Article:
Weak sales, rising costs to weigh on realty companies’ cash flows

Moody’s report says project delays will continue to slow down cash collection


India’s largest realty firms will continue to experience a challenging operating environment over the next year or so, Moody’s said in a report. Photo: Bloomberg
India’s largest realty firms will continue to experience a challenging operating environment over the next year or so, Moody’s said in a report. Photo: Bloomberg

The bad days for India’s realty sector are far from over. Poor sales and high costs will continue to strangle cash flows of large realty firms over the next year, according to a report by Moody’s Investors Service released on Tuesday.

Timely execution of projects by developers have been stymied by delayed approvals and stretched liquidity in the past two to three years. The report says that project delays will continue to slow down cash collection. Delays also reduce investor demand for new projects by locking up capital and reducing expected returns.

“Given companies’ stretched cash flow positions, we expect the execution delays to persist,” the report said.

Developers such as Indiabulls Real Estate Ltd, Lodha Developers Pvt. Ltd, Unitech Ltd, DLF Ltd and Oberoi Realty Ltd will face maximum sales and cash flow pressure as property prices are the highest in Mumbai and Delhi, while a few such as Brigade Enterprises Ltd, Prestige Estates Projects Ltd and Sobha Ltd in Bengaluru will fare better amid stable housing demand.

Pan-India firms such as Godrej Properties Ltd and Mahindra Lifespace Developers Ltd will experience tighter liquidity compared to their Bengaluru-based counterparts, although their presence in markets such as Bengaluru and Pune will help cushion the impact.

While construction costs have risen in the past four years amid high inflation, the high holding cost for land parcels due to debt-funded land purchases and delayed project launches have further increased project costs. The pressure on profitability, however, discourages developers from reducing prices, which further squeezes sales volume growth.

The aggregate sales volumes for Moody’s sample of top eight developers declined 24% to 20.41 million sq. ft in the year ended March 2014, based on company filings. Sales in 2014-15 improved, rising to 21.1 million sq. ft, but continued to trail historical levels.

Owing to frequent delays in project execution, home buyers prefer projects from large and reputable builder firms. This preference, coupled with the limited supply of fresh inventory, has helped support the sales of large developers. “Still, we expect their sales to remain flat over the next 12 months, with affordability remaining a challenge,” Moody’s said.

“At the same time, despite the difficulties, we expect solid economic growth in India in 2014-15 to provide some support to housing sales, while the likely gradual easing of lending rates will boost investor confidence and investment activity,” Vikas Halan, Moody’s vice-president and senior credit officer, said in a statement.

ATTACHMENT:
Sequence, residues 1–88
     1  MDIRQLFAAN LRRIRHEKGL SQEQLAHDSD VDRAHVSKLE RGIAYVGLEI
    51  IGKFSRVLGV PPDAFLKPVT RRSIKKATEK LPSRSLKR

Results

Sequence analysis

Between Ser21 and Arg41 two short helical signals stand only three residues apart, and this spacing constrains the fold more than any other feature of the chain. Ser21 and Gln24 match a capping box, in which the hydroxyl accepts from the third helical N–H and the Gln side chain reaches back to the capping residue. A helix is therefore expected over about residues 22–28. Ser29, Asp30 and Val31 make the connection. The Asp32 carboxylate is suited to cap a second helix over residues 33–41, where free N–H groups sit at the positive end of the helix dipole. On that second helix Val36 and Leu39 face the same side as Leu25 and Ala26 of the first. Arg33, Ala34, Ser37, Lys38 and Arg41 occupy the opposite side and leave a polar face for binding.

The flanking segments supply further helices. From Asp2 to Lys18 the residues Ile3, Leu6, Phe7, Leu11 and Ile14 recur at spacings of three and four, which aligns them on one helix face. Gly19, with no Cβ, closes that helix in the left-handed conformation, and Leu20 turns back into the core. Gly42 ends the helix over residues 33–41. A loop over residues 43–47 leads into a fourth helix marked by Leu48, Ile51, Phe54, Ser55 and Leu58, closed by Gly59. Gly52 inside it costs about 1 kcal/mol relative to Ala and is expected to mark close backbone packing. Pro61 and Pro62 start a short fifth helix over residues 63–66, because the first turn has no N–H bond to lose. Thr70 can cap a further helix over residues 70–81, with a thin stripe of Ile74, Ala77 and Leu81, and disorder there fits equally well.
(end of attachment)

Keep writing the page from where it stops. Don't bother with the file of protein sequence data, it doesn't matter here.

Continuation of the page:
“Cuts in interest rates by the Reserve Bank of India (RBI), if passed on by the banks, will filter down to the property market, reducing the cost of borrowing for developers as well as buyers, and supporting demand,” said Halan.

“But high home prices and decline in savings rates will outweigh these factors, particularly in Mumbai and Delhi; while more generally, the property market in India exhibits a notable degree of variation in terms of affordability,” said Halan.

The report said that a contraction in the household savings rate, including savings in the form of physical assets, pointing to a demand for real estate will remain subdued over the next 12 months.

India’s household savings rate, which measures household savings as a percentage of gross domestic product (GDP), declined to about 18% in fiscal 2014 from about 23% in fiscal 2012, according to RBI, amid persistently high inflation and a fall in income. Savings in the form of physical assets also fell 9% to Rs.12.1 trillion in the same period.

“Affordability varies across cities, with buying activity constrained where prices are the highest,” it said.

The top 1% of India’s households had an annual income of over Rs.12.5 lakh in fiscal 2011, according to the most recent data available from the National Council of Applied Economic Research. Assuming an annual growth rate of 10% in income, this would result in a threshold household income of Rs.18.3 lakh for the top percentile of households.

The average home price for a mid-segment home therefore varies from eight times the threshold income in Mumbai to three times in Pune, according to Moody’s estimates (see graphic). So homes in Mumbai remain unaffordable to a large percentage of households compared with cities like Pune.

“There was an unprecedented rise in property prices between 2009-13, leading to a situation today when developers are forced to keep prices in check, or home buyers will stay away. However, investors won’t participate unless prices start going up,” said Pankaj Kapoor, managing director, Real Estate Rating and Research Pvt. Ltd.

From a year ago, the BSE Realty Index has fallen 19.5%, while the benchmark Sensex is down 6.8%.

Not just pricing, but delays in project execution have also curtailed speculative demand, keeping away investors who locked up capital for a prolonged period and did not get the expected returns. Given the high inventory levels, realty firms are focusing more on ongoing projects rather than launching fresh ones.

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